Throughout the 1930s—when Yugoslavia's always precarious economic situation deteriorated to an alarming degree and its unstable political landscape became bloodstained with the assassination of King Alexander I (October 1934)—Maksimovic concentrated her energies on verse. She also drew on the support of a large number of colleagues and friends, many of them prominent poets, novelists, artists, and actors, who regularly
gathered in the home of Smilja Djakovic, publisher of Misao. In 1933, Maksimovic married a Russian-born writer, Sergej Slastikov. Their union would be happy, and although they remained childless Maksimovic and her husband enjoyed the company of young people and children, often entertaining their friends' children at their home. They collaborated on a number of projects, including the translation of many classic Russian authors' works, such as those of folktales and literature, into Serbo-Croatian.
The German army began the occupation of Yugoslavia in April 1941. When she was involuntarily retired from her teaching post by the puppet Serbian regime set up by the Germans, Maksimovic and her husband were quickly reduced to a state of poverty. To survive, she gave private lessons, made dolls to sell at the marketplace, and sewed children's clothes. These she exchanged for morsels of food in Brankovina and nearby villages where the peasants were still able to create a surplus from the soil. Maksimovic walked from Belgrade to nearby Mount Avala to find scraps of wood to heat her apartment in the bitterly cold Balkan winter; often, she returned with enough sticks and twigs to heat her home at least some degrees above freezing. In secret, she wrote defiantly patriotic poetry, but the only works she would be able to publish during these years were several children's books.
Published after the war's end, the 1946 collection Pesnik i zavicaj (The Poet and His Native Land) contains Maksimovic's wartime poetry. These patriotic poems give voice to pride about her nation's resistance against the German and Italian armies of occupation. Works like "Ustanici" (The Rebels) and "Srbija je velika bajka" (Serbia is a Deep Secret) celebrate the heroism of ordinary people, many of whom were slaughtered by the occupation forces. The best known of this collection remains "Krvava bajka" (A Legend of Blood), a poetic requiem for the scores of schoolboys in the town of Kragujevac who were massacred in 1941 by the Germans. Despite the brutal subject matter, Maksimovic chose to present the stories of war in a lyrical, gentle tone, their purpose being to reflect on, and commemorate, the patriotism that had motivated individuals to choose resistance over collaboration with the enemy.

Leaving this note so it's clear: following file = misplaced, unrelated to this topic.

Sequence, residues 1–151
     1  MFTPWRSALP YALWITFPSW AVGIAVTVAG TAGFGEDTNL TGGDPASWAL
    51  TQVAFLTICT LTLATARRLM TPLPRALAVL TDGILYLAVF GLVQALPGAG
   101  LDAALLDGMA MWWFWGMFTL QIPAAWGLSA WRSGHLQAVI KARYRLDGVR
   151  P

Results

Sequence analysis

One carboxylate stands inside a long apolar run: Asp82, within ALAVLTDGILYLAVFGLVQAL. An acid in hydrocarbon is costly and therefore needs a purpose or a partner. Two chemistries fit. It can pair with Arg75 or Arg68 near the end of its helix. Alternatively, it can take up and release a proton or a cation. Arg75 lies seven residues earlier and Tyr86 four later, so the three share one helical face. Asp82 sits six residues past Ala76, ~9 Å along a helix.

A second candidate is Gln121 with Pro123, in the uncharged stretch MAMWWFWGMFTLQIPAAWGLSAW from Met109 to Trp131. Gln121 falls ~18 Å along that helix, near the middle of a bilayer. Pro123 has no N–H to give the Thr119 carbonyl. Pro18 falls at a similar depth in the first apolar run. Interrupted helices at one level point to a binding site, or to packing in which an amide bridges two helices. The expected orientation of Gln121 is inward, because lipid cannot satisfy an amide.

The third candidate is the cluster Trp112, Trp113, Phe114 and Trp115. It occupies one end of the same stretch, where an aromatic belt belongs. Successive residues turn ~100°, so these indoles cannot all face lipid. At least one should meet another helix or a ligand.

In 1958, Maksimovic was the recipient of many awards from a grateful Yugoslavia which was now led by a relatively benign dictator, Marshal Josip Broz Tito. (Tito was a veteran Communist revolutionary and the wartime leader of the partisan movement, who in 1948 had embarked on a course that was free of the dictates of the Soviet Union while at the same time continuing to search for a more realistic way to achieve socialism.) Although she was a traditionalist and certainly not a Marxist, Maksimovic had gained the respect of both the political and literary leadership of postwar Yugoslavia. By the time she celebrated her 60th birthday in 1958, many felt that her major literary achievements were behind her and that the time had come to honor her for significant lifetime achievements. The most important of several awards she received that year was her nomination as a corresponding member of the Serbian Academy of Sciences and Arts. Early in the following year, she was elected to that prestigious body.
In 1964, on the 40th anniversary of the publication of her first verse collection, Maksimovic published the book that would make her a major figure on the national stage of Yugoslavia. In a volume of reflective poetry entitled Trazim pomilovanje (I Seek Clemency: Lyrical Discussions with Tsar Dushan's Code of Law) were a number of poems dealing with the 14th-century Serbian tsar Dushan the Powerful, who reigned during the last epoch of Serb national freedom before the Ottoman Turks destroyed their nation in battle. Presenting Tsar Dushan, who displays compassion, as the embodiment of justice and wisdom, Maksimovic glorified forgiveness and compassion for all human beings, "the same as we are or different from us." The groups for whom Maksimovic seeks Tsar Dushan's mercy include the lowliest serfs, both female and male; heretics and monks; soldiers who gave their lives in the nation's many wars; people who have, or have been stripped by fate of, power; and a vast tableaux of saints, sinners, fools, and others replete with human failings.
Almost immediately after its publication, Trazim pomilovanje was embraced by the nation. Its veiled critiques of the Tito regime—which became increasingly riddled with corruption and arbitrariness as Tito aged—made it a book to read, ponder over, and savor. A bestseller, it went through three large print runs in less than a year's time. Serbia's leading actors, actresses, and even choral groups put on shows in which the words Maksimovic had put in Tsar Dushan's mouth were presented to sold-out audiences in theaters throughout the Serbian Federated Republic of Yugoslavia. Now a veritable national superstar, Maksimovic became the recipient of many more honors over the next several years. In 1965, she was elected into a small elite group with full membership in the Serbian Academy of Sciences and Arts. By this time, her verse had become known throughout Serbia, appearing in countless anthologies as well as in reprints and new editions of her major works. Internationally, too, she had become well known. Translations of her works appeared in Russian (translated by, among others, Anna Akhmatova and Elisaveta Bagryana ) and other Slavic languages, as well as in English, French, German, Hungarian/Magyar, Norwegian, Portuguese, and Spanish. In 1967, the high respect in which she was held in the Slavic world was formalized by a special Medal of Honor awarded her by the USSR Supreme Soviet.
In 1970, Maksimovic's husband died. In a collection she published in Belgrade (1973), she gave thanks to him for "embracing, even in death, our soil." After this loss, she wrote poetry which dealt with the issue of human mortality, and her verse reflected a serene, philosophical view of the inevitability of death as a basic fact of life. Death was related to the eternal processes of nature:
We are earth.
Every particle and thread of us